The list of daily lectionary readings in the 1662 Book of Common Prayer was taken over more-or-less unchanged from the first 1549 edition. The plan omits the book of Revelation, the subject of controversy in post-Reformation England, and parts of the Old Testament, but makes up for it by reading through the Psalter once every 30-day month and the rest of the New Testament three times in the year. The result is a schedule that is more rigorous than most contemporary Bible reading plans, and, I suspect, significantly more than is expected of churchgoers in most evangelical churches today.

How widely this plan was adopted is another question. For most people in 17th-century England, church consisted of the morning and evening prayer services--Matins and Evensong--but only on Sundays. Most people would not have owned a copy of the prayer book, and most churches did not offer daily services. John Spur notes that "the rector of Clayworth in Nottinghamshire thought himself conspicuously pious when he resolved to read prayers on Wednesdays and Fridays during Lent."*

Nevertheless, the plan had an impact. To take one famous example, the community established by Nicholas Ferrar at Little Gidding "read the regular daily offices of the Book of Common Prayer, including the recital every day of the complete Psalter."** According to Hannibal Hamlin's fine Oxford Handbook article on "Reading the Bible in Tudor England," "apparently many did follow the Prayer Book's 'order howe the Psalter is appointed to be read'" each month. If the BCP's annual reading plan for the whole Bible did not catch on as widely, that may have been because there were other more popular alternatives: "Daily reading of the rest of the Bible was a common practice, but readers could either decide on their own reading plan or follow one of the many available in print."***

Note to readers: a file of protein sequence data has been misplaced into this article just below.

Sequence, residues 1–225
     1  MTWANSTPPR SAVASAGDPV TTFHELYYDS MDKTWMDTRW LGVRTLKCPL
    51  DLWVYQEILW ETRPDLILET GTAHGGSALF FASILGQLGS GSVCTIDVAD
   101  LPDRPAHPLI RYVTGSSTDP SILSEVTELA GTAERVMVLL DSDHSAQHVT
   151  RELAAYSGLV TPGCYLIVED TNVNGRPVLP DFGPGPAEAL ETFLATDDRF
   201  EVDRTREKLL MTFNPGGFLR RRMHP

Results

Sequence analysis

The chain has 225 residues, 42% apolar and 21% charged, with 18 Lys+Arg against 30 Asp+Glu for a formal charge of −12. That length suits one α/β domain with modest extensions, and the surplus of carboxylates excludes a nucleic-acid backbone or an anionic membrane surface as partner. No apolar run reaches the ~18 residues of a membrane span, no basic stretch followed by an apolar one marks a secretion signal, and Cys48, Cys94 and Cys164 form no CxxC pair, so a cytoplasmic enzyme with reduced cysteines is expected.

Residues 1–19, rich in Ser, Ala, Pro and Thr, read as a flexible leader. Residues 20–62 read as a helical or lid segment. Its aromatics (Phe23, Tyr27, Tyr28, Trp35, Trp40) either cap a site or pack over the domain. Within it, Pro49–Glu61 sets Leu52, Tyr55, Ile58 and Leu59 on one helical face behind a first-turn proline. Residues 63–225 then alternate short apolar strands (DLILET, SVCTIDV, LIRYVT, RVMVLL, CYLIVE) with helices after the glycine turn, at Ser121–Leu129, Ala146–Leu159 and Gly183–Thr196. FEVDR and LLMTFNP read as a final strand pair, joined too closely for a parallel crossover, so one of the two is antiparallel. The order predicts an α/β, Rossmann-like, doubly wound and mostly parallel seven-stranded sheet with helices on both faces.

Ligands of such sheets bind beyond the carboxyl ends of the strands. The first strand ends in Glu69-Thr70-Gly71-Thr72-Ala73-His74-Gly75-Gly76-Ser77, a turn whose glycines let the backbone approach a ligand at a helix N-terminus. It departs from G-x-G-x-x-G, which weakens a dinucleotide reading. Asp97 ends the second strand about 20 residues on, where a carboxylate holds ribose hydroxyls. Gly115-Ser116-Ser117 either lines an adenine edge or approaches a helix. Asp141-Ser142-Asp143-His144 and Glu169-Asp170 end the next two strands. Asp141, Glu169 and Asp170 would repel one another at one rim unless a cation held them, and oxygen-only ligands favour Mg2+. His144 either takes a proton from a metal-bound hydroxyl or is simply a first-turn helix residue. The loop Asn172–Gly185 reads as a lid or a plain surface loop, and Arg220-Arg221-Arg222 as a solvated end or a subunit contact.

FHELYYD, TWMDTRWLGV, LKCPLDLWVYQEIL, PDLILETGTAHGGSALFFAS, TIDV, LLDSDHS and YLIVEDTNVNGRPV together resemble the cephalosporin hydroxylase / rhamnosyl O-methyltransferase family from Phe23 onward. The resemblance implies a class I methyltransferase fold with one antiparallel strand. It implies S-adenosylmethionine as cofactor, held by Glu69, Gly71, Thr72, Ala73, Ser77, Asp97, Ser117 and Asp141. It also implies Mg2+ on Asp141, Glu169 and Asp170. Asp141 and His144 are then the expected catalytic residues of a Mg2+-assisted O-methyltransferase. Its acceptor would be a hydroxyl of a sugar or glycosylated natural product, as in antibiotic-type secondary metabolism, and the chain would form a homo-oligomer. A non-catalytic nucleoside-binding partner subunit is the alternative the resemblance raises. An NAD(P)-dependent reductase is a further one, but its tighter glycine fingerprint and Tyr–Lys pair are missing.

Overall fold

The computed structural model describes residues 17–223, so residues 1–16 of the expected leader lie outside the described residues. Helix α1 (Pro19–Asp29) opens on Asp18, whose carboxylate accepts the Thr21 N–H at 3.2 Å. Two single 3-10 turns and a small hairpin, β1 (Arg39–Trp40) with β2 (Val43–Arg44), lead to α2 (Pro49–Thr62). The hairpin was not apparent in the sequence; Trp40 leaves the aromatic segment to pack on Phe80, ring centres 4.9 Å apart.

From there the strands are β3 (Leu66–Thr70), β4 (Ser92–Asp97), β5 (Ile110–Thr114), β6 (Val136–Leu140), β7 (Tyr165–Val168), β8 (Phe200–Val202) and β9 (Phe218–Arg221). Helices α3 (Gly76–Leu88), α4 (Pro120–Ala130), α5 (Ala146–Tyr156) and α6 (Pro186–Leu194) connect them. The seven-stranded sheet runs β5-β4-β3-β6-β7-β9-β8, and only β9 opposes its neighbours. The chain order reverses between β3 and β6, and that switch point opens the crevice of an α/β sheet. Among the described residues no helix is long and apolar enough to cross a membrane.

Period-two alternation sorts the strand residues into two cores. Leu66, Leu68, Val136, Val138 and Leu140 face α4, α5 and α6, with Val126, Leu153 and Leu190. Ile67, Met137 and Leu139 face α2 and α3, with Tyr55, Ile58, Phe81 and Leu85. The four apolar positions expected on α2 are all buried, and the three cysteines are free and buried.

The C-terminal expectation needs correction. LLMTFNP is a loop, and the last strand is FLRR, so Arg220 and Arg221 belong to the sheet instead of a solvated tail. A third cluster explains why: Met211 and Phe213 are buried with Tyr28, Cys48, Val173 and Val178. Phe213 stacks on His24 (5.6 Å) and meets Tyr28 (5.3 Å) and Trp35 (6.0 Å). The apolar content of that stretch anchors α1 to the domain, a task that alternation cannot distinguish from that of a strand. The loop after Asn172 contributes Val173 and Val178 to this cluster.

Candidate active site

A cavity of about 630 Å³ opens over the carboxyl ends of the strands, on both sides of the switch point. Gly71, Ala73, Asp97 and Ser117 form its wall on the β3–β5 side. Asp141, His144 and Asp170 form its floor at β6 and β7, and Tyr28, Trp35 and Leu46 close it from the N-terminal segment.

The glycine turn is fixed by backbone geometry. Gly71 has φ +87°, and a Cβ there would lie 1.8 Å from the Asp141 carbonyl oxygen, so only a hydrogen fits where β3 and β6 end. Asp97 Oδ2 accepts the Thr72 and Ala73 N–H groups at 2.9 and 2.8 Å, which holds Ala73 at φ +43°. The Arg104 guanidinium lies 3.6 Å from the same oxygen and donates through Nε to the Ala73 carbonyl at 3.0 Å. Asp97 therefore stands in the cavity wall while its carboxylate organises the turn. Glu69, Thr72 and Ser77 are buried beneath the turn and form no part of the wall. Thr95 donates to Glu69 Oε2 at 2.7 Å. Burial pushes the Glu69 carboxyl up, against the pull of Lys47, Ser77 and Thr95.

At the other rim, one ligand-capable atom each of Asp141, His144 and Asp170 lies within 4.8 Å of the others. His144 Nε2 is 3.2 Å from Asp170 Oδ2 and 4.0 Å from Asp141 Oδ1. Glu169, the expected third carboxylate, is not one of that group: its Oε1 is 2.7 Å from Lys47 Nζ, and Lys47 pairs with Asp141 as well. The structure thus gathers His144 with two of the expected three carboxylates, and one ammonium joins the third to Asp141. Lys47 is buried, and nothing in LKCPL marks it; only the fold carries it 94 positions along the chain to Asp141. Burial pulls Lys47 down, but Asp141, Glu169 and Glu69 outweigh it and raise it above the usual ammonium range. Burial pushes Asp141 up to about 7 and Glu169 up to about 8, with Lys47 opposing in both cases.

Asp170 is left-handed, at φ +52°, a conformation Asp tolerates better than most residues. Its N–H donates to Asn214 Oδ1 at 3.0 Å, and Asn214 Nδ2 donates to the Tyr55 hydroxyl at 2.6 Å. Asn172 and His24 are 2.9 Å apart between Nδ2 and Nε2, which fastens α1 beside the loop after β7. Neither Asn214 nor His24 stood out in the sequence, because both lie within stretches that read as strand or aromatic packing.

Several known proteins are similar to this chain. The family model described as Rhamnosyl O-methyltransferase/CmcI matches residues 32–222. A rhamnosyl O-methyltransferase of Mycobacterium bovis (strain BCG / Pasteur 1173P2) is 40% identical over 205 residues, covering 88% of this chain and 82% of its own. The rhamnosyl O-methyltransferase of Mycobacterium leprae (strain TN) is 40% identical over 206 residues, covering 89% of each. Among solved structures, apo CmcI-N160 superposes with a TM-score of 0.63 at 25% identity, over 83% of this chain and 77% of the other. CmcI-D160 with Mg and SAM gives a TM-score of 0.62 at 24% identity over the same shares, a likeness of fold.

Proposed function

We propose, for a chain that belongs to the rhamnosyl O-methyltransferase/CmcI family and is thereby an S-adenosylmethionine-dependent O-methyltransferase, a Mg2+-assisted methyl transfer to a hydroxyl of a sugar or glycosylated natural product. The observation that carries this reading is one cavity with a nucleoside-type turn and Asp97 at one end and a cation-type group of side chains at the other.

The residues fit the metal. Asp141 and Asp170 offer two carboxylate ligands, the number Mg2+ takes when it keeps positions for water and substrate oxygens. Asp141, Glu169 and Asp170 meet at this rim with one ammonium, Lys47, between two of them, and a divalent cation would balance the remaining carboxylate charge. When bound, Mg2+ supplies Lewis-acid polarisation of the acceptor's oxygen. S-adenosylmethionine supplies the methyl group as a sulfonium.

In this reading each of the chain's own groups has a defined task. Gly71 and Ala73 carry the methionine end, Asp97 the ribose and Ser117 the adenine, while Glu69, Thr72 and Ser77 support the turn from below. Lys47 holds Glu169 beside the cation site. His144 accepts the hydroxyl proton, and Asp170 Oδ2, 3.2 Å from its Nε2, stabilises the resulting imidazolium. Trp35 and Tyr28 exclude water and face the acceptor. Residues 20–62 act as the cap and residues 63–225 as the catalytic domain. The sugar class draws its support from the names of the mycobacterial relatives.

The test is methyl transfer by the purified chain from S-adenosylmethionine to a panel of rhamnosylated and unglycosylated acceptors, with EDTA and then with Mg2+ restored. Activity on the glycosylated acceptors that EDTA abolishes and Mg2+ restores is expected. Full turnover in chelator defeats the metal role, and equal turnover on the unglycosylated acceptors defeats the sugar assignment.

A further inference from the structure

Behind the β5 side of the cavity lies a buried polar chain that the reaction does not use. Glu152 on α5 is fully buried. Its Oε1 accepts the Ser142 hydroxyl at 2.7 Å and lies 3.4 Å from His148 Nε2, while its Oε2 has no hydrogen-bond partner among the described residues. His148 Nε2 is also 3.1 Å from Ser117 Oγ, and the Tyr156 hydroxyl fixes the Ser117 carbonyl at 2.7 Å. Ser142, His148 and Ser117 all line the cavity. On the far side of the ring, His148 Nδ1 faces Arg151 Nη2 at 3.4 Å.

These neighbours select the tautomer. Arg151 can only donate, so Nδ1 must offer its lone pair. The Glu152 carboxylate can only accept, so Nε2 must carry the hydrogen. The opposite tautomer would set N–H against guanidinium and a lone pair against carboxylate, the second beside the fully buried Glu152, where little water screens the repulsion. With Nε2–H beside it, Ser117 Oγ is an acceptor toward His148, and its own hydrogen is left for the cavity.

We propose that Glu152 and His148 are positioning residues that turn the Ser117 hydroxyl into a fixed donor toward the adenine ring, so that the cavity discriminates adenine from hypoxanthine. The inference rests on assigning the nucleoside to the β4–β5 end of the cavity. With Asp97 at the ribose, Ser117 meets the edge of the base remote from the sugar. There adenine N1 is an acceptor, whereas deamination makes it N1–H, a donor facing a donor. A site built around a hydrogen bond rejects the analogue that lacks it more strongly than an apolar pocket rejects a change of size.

Indeed, the BCP's daily lectionary is in many respects characteristic of the dedication to lay Bible reading that both contributed to and resulted from the Protestant Reformation. As a result, as Hamlin puts it, "the Bible permeated almost every nook and cranny of sixteenth-century culture."***

Perhaps there is something to be learned here by Protestant churches today who lay claim to the heritage of the Reformation. Why not take a lead from a 16th-century church willing to instruct its members to read through the Bible every year? I submit that the practice of Bible reading says more about the authority of Scripture than any doctrinal statement.

Sunday, April 16, 2017

Some News